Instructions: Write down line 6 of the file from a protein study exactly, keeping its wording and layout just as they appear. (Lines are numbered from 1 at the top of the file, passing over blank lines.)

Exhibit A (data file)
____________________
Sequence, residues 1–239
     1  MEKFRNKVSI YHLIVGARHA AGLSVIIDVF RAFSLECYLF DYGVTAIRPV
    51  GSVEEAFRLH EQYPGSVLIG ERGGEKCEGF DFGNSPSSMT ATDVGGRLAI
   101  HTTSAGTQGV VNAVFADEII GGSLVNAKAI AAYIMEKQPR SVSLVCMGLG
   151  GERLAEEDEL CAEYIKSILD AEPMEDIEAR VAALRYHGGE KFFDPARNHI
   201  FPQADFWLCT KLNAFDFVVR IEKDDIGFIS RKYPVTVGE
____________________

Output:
   201  FPQADFWLCT KLNAFDFVVR IEKDDIGFIS RKYPVTVGE